The Shumlin administration says Monday’s midnight deadline for signing up on Vermont Health Connect for Jan. 1 insurance coverage still stands, but they’ll be “flexible” through Friday.
At a news conference Monday in Winooski, Mark Larson, commissioner of the Department of Vermont Health Access, told reporters, “We have clearly emphasized the importance of signing up today.”
But, Larson continued, “We are going to be as flexible as we can with people who missed the deadline this week.”
Does that mean the deadline’s been extended by four days? Not so, according to the commissioner — “The deadline remains today. We are still encouraging Vermonters to sign up today.”
Still, if someone misses it, Larson suggested that they might not have to forgo coverage. He continued: “We will continue to be as flexible as we can during the week as we continue to work with the carriers and our premium processor to make sure we can help Vermonters through those steps they need to get through in order to have their coverage in place.”
The Shumlin administration’s announcement comes on the day a story from The Washington Post revealed that the Obama administration extended the deadline for signing up on the federal exchange by 24 hours, without announcing it.
Politico reported Monday evening that several states — New York, Massachusetts, Washington state, the District of Columbia and California among them — have either extended their deadlines or offered “flexibility” to people who have started but not completed their applications.
The administration estimates that 65,000 Vermonters needed to sign up for coverage starting Jan. 1. As of Monday, roughly 20,000 individuals had signed up. Another 30,000 were enrolled by their small business employers, who signed up directly through BlueCross BlueShield of Vermont or MVP.
The remaining 15,000 fall into three categories — individuals on private plans, individuals on VHAP or Catamount, and people currently receiving coverage through a small business employer. Regardless of which category they fall into, administration officials say people’s coverage will automatically be extended three months into the new year, if they fail to sign up on time.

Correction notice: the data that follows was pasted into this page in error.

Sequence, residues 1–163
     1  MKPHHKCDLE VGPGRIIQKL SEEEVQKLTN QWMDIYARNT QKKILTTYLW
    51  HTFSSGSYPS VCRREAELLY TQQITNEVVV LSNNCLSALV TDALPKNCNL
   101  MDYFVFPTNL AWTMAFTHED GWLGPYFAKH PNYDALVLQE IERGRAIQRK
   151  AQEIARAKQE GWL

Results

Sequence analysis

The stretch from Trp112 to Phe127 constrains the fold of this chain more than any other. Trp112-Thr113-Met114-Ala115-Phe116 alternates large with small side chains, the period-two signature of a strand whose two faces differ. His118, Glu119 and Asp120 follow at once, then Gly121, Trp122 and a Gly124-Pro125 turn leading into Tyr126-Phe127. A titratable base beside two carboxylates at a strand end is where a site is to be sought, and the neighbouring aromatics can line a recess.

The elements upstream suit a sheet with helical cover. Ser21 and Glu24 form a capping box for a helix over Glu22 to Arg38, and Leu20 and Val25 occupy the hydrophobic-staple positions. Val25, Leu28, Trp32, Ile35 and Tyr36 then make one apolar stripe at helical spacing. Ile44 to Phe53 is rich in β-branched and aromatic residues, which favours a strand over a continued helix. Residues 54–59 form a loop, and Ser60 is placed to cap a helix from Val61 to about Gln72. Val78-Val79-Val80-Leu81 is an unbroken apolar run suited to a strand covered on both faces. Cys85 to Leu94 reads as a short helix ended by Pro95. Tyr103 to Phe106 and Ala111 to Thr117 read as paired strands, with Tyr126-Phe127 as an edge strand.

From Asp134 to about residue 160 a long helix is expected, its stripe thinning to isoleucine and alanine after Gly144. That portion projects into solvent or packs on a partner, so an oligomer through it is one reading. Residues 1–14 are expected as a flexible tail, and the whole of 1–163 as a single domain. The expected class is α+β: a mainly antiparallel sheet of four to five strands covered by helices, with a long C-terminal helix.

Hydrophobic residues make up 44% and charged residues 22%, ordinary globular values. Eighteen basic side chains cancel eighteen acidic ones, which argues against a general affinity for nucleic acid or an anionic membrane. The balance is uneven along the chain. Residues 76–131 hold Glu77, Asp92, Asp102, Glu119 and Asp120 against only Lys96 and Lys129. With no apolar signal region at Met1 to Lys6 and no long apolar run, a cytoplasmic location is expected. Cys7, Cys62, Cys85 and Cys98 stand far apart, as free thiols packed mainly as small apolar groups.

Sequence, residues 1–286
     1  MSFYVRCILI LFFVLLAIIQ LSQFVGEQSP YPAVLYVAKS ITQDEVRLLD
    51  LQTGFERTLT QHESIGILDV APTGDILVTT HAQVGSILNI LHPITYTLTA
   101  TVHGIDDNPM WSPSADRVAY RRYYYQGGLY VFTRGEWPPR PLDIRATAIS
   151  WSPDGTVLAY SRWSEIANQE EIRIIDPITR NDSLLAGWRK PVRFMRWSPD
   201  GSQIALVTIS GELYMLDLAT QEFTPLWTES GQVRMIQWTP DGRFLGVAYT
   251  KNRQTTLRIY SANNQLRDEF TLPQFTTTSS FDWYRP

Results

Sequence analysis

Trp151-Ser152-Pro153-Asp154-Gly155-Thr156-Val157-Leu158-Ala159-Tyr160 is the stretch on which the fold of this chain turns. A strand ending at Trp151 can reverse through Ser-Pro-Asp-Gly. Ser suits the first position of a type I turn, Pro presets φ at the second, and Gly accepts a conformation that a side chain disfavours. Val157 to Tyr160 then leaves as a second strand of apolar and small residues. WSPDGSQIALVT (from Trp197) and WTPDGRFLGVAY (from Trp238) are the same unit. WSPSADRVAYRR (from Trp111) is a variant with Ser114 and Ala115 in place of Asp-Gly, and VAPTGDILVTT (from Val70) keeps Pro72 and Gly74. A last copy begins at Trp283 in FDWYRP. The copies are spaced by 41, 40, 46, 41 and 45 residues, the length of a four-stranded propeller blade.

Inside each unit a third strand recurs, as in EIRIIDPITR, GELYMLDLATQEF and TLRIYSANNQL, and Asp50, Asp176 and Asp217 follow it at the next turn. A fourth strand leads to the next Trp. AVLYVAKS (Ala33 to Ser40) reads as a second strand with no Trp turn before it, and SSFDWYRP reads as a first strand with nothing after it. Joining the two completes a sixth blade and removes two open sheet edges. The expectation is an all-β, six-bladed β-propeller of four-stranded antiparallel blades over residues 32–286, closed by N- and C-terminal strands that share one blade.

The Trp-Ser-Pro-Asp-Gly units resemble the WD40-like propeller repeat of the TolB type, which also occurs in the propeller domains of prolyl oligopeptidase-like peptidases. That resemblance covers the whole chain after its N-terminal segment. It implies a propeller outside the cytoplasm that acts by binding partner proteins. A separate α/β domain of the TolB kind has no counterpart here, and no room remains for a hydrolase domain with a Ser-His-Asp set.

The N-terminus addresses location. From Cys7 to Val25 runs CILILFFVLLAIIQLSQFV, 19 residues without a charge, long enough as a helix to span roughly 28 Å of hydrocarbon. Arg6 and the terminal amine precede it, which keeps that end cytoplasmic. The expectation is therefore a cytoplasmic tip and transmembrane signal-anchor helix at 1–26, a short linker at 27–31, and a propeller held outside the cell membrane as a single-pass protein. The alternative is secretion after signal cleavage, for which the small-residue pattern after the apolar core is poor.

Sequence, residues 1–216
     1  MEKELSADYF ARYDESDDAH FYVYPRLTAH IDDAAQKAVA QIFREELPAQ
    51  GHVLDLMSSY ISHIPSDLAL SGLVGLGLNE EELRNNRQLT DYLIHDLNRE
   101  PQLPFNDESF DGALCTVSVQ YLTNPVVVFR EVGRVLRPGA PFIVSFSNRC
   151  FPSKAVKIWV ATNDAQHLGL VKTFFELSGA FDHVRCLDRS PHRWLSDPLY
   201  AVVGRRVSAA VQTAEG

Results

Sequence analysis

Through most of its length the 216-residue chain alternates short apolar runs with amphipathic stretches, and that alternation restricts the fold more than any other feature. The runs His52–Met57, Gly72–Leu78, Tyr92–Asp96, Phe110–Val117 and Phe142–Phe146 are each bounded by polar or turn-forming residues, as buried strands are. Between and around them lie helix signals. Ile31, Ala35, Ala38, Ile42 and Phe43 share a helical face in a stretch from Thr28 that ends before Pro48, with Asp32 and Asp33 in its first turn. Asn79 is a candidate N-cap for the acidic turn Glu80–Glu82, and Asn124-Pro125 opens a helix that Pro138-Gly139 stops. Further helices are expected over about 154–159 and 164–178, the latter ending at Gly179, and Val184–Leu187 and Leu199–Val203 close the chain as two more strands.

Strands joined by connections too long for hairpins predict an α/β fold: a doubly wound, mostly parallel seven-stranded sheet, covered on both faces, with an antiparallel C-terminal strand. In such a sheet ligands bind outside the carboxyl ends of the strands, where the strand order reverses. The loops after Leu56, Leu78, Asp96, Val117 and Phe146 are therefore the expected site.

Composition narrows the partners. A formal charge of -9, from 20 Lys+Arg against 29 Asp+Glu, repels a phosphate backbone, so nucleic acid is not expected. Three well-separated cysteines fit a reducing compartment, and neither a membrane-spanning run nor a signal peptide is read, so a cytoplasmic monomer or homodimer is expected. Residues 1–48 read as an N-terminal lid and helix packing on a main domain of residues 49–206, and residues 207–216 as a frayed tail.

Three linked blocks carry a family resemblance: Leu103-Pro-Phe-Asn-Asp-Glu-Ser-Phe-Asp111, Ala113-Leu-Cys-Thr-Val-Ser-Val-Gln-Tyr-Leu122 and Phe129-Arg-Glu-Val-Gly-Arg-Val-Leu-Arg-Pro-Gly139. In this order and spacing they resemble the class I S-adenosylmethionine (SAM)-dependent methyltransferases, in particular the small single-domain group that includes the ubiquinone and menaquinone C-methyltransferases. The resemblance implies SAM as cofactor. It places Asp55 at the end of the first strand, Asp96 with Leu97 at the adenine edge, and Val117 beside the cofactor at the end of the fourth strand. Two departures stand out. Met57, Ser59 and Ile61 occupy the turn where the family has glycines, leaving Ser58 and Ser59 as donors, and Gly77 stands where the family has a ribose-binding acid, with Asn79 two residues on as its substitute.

Larson said employees will work through the holiday week to process applications and invoices. But the call center, normally open from 8 a.m. to 8 p.m. Monday through Saturday, will close at 4:30 p.m. Tuesday (Christmas Eve) and reopen at 8 a.m. Thursday.
The call center is closed Sundays, and the administration did not make an exception this week, despite today’s deadline.
“We did explore that. We were not able to have the call center open though,” Larson said Monday.
The commissioner also sought to clear up last-minute confusion for people negotiating the transition from one plan to another at the start of the new year.
The Dec. 23 deadline is for picking a plan, not for paying for it. But among individuals who have made their plan selection, there’s still confusion about when their coverage takes effect, the date by which they need to pay, and whether they can see physicians and fill prescriptions in the meantime.
Larson urged people to pay as soon as possible, but he said as long as they postmark their check — the online credit card payment function has yet to be launched so people must pay by mail — by the date listed on their invoice, they will be covered on Jan 1.
Vermonters can view their invoices one day after enrolling, and paper copies are mailed within three to seven days, according to Larson. After people mail in their checks, there’s up to a one-week lag before the payment is processed.
But even if this process extends into January — and even if people don’t yet have their insurance cards in hand at the start of the year — they can still receive coverage, Larson said. They’ll have to pay out-of-pocket for any costs accrued before their checks are processed, but they can contact their carrier to be reimbursed after.
Even so, Larson encouraged people to fill important prescriptions before Jan. 1 to avoid having to pay for them upfront during this period.
Those who haven’t received their insurance cards in the mail can call their carriers to get their policy number, which can be used in lieu of a card.
The open enrollment period lasts through March 31. People need to sign up by the 15th of the month prior to when they want their plan to start. Those who miss the Jan. 1 deadline will be ineligible for a federal subsidy for that month only, not for the entire year. If they sign up by Jan. 15 for February coverage, they can, for example, access a subsidy starting in February.